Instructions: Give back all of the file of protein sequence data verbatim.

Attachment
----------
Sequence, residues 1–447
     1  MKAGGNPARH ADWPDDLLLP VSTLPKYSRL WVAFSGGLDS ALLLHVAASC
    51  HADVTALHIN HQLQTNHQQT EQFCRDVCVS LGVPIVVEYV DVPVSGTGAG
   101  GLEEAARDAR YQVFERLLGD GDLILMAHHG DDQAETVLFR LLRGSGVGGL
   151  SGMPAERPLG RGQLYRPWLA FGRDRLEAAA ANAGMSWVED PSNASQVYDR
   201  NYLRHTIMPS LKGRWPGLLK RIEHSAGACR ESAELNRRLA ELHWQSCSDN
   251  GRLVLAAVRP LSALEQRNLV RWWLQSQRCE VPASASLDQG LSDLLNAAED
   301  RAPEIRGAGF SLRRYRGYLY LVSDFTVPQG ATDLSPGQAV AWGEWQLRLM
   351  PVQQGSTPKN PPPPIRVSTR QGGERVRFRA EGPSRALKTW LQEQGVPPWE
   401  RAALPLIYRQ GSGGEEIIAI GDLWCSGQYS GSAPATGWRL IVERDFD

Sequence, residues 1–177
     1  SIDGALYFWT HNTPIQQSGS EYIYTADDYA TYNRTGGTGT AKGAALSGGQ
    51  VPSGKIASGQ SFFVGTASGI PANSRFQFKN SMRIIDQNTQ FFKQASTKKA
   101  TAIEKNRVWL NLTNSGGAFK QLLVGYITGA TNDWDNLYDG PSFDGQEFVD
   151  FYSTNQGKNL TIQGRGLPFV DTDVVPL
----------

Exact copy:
Sequence, residues 1–447
     1  MKAGGNPARH ADWPDDLLLP VSTLPKYSRL WVAFSGGLDS ALLLHVAASC
    51  HADVTALHIN HQLQTNHQQT EQFCRDVCVS LGVPIVVEYV DVPVSGTGAG
   101  GLEEAARDAR YQVFERLLGD GDLILMAHHG DDQAETVLFR LLRGSGVGGL
   151  SGMPAERPLG RGQLYRPWLA FGRDRLEAAA ANAGMSWVED PSNASQVYDR
   201  NYLRHTIMPS LKGRWPGLLK RIEHSAGACR ESAELNRRLA ELHWQSCSDN
   251  GRLVLAAVRP LSALEQRNLV RWWLQSQRCE VPASASLDQG LSDLLNAAED
   301  RAPEIRGAGF SLRRYRGYLY LVSDFTVPQG ATDLSPGQAV AWGEWQLRLM
   351  PVQQGSTPKN PPPPIRVSTR QGGERVRFRA EGPSRALKTW LQEQGVPPWE
   401  RAALPLIYRQ GSGGEEIIAI GDLWCSGQYS GSAPATGWRL IVERDFD

Sequence, residues 1–177
     1  SIDGALYFWT HNTPIQQSGS EYIYTADDYA TYNRTGGTGT AKGAALSGGQ
    51  VPSGKIASGQ SFFVGTASGI PANSRFQFKN SMRIIDQNTQ FFKQASTKKA
   101  TAIEKNRVWL NLTNSGGAFK QLLVGYITGA TNDWDNLYDG PSFDGQEFVD
   151  FYSTNQGKNL TIQGRGLPFV DTDVVPL